Almost never, actually.  Each year there are a handful (~20-25) schools whose athletic programs turn a 'profit'.   There are about 340 schools total in NCAA Div I.  Other than those few, the athletic department doesn't cover its own cost, and takes money from the school at large.  There are about 380 more schools in the lower divisions of the NCAA who don't have a prayer of even noticeable revenue, let alone profit, from sports.
 
2014-01-22 12:24:55 PM  

yakmans_dad: Why are we having difficulty? Because we don't view an educated public as a common good.


This is 'merica. It's dog-eat-dog.
 
2014-01-22 12:26:46 PM  
 
2014-01-22 12:26:50 PM  

proteus_b: Actually he said something far less sensible. He said that he's troubled that the average student paying in-state tuition at a state university pays more than does a student attending Yale.

Tuition, room, board and expenses at Yale:
$58,600

57% of students receive financial aid, with an average value of $35,500.
(0.43*58,600)+(0.57*23,100)=38,400

so the average Yalie pays $38,400 to go to Yale, after financial aid is reflected.
http://admissions.yale.edu/faq/what-current-tuition-yale

Tuition, room, board and expenses at University of Missouri:
$22,800
http://admissions.missouri.edu/costs-and-aid/costs/index.php
and that's before taking financial aid into account.

I don't think he needs to trouble himself...


The difference with Yale is that EVERYONE gets financial aid on a sliding scale basis, based on family income, but it's not loan based.  Other universities will give you aid, but a lot of it you have to pay back.  Makes a Yale degree a lot more attractive from a parent's perspective (as in, my wallet).
 
2014-01-22 12:28:12 PM  

Space Station Wagon: I would guess that having a bowl winning team helps to increase popularity amoung non athletic students.


I'd be surprised if ticket revenues from NCAA game days even came close to covering the programs' operating expenses.

The real financial value in having a dominate sportsball program is the effect on alumni giving.  For some reason a lot of people feel a sense of personal pride when their alma mater enrolls kids who are good at sportsing, and open up their wallets to keep that feeling coming.
 
2014-01-22 12:34:42 PM  

hasty ambush: As UC president, Napolitano will receive a base salary of $570,000 and an auto allowance of $8,916. As a condition of her employment and for the convenience of the university, Napolitano will be required to live in housing leased by UC or later, if one becomes available, a university-owned home. She also will receive a one-time relocation fee of $142,50. Her salary is below the 25th percentile of cash compensation for comparable systemwide university presidents, which stands at $617,000


There are 236,000 students in the UC system.  That's what, like $3.00 per student to pay her salary and benefits?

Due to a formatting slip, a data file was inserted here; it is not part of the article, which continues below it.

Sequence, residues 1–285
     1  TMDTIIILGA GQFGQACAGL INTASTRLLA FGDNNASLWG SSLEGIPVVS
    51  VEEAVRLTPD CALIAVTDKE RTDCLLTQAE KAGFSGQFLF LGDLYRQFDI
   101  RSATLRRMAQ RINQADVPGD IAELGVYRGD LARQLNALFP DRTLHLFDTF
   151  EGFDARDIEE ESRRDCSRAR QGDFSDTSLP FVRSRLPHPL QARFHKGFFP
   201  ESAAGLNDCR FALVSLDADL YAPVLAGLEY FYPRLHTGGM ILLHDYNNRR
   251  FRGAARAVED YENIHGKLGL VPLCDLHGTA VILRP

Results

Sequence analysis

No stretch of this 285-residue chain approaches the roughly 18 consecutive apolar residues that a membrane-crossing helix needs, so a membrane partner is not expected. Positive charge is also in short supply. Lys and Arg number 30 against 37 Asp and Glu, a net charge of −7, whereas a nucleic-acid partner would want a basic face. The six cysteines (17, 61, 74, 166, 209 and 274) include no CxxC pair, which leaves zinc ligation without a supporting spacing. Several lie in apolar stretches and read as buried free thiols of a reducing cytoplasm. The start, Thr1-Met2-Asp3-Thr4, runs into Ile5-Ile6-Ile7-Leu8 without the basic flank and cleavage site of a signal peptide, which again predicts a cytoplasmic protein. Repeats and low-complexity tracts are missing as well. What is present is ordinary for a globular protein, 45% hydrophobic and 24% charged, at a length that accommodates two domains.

2014-01-22 12:43:03 PM  
www4.images.coolspotters.com

What about the buffoon lessons? The four years at clown college?
 I'll thank you not to refer to Princeton that way.
 
2014-01-22 12:55:15 PM  

Sliding Carp: mike_d85: hasty ambush: [25.media.tumblr.com image 620x1060]

I can't stop thinking about doing dirty things to that dirty hippie.  I don't know why an ill-fitting bra would turn me on.

"A Lap Dance Is So Much Better When The Stripper Is Crying "


Actually the lap dance is so much better when the stripper is really in to it and is giving it to you for free.

I miss that girl
 
2014-01-22 01:00:15 PM  
So says the guy who's school has a $20 billion dollar endowment.
 
2014-01-22 01:04:08 PM  

Sliding Carp: Space Station Wagon: What is 200k to the 1%?
They spend that on automobiles.

They just price smart poor kids out of making ivy league contacts.

NO.

MIT, Harvard, and (I believe) the rest of the Ivies are very committed to needs-based financial aid and needs-blind admission.  For at least the first two, smart poor kids will get enough aid to get through.  This isn't empty talk -- they genuinely are serious about this (and Harvard and MIT compete very very seriously between themselves for the smart kids).  At least for a while before the big crash, MIT guaranteed that a family income less than some decent threshold (I think it was $75,000) would mean no tuition costs to the student.

Bad business models for American University education might price smart kids out of a lot of networking at a lot of places, but the Ivies (and MIT) really are different, and price alone should NEVER scare any family away from them.

The other side of the coin, of course, is that those who can afford it get stuck, and stuck hard.  Strike a blow for the proletariat!  The more poor kids go to MIT or Harvard, the more the 1% suffer!  Who can't get behind that for a manifesto?